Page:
Migrating from Pluxml to Grav

08 July 2016

By changing the design of my website, I also chose to change the CMS I was using leaving Pluxml for Grav. Pluxml is a good CMS, but I had some little issues and I preferred to try something else.

TL,DR: I write here the reasons why I stopped using Pluxml and why I chose Grav. I also explain that I wrote a Python script to migrate my Pluxml articles to Grav which is available on Github. Also, it is important to take into consideration url redirections from previous CMS pages.

Why leaving Pluxml

The reasons I wanted to leave Pluxml was that the default editor is plain HTML and I was using a plugin to have something a little better called TinyMCE. However, there were sometimes bugs and I didn't feel comfortable writing my posts. I really wished to be able to write in Markdown which I find elegant, simple and still can be powerful. Another reason was that managing static pages was complicated because I could really only edit in HTML. Moreover, I didn't find a good solution to manage different kinds of content (blog posts on one side and projects on the other side). Finally, in terms of SEO, URLs were not the best.

(Not) Fixing Pluxml issues

Now you may say that I could fix almost all these problems by searching other plugins or by developing some myself. However, I'm not very inclined to develop something in PHP. I mean, I'm not comfortable with this language and I don't really like it. Even though PHP 7 seems to be quite good now. Maybe my decision here wasn't 100% rational :D .

Grav's logo

Choosing Grav

After some long research and testing some CMS like Pico, I finally ended with Grav because

Migrating articles

The big issue I've been facing was to migrate all Pluml articles stored as XML files to Grav articles written in Markdown files. I searched quite a lot a plugin or a script which could do the work, but sadly I only found one script on Github and it didn't work.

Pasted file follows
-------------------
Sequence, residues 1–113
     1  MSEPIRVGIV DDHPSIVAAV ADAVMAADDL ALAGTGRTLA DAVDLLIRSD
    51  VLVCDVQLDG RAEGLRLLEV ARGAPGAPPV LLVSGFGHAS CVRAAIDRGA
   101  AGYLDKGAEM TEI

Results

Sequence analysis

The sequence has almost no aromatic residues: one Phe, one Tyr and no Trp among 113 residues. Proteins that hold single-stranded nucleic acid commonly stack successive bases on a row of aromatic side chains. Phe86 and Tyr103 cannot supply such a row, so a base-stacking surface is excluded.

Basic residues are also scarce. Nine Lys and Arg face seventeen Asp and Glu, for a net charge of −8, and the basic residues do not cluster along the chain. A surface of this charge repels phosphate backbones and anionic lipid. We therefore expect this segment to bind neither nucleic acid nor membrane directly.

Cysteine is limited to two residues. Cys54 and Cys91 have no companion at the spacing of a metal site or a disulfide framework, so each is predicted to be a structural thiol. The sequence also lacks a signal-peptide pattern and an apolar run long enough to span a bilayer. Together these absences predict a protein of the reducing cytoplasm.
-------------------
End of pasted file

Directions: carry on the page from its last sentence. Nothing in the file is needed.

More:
So, after some people motivated me, I chose to write myself a Python script to migrate my articles. It took me a day, so about 6 hours according to Wakatime. It only converts the XML files into Markdown with the help of the html2text library originally written by Aaron Swartz, but also create the file structure needed by Grav and copies the images to the right folder.

If you are interested to see it or if you may need it. Here it is, all open source ! https://github.com/KillianKemps/Pluxml-to-Markdown

Managing old links

Something quite important that I didn't think at the beginning is that by changing a CMS, the links of the pages may also change. And that could break a lot of links coming from search engines but also from other websites. So, to the deal with it, I needed to set up redirections rules and guess what? It is natively implemented on Grav. I just had to add it to the configuration and regular expressions also work.

Conclusion

I spent more time searching for a good CMS than to integrate it. Considering I already had the design in HTML and read Grav's great documentation, it took me a day to implement it as template, one more day to write the migration script and a final day to check everything is okay and to setup the url redirections. 3 days. Not so bad.

Later on I will see if I made the good decision or if I should have kept Pluxml :D.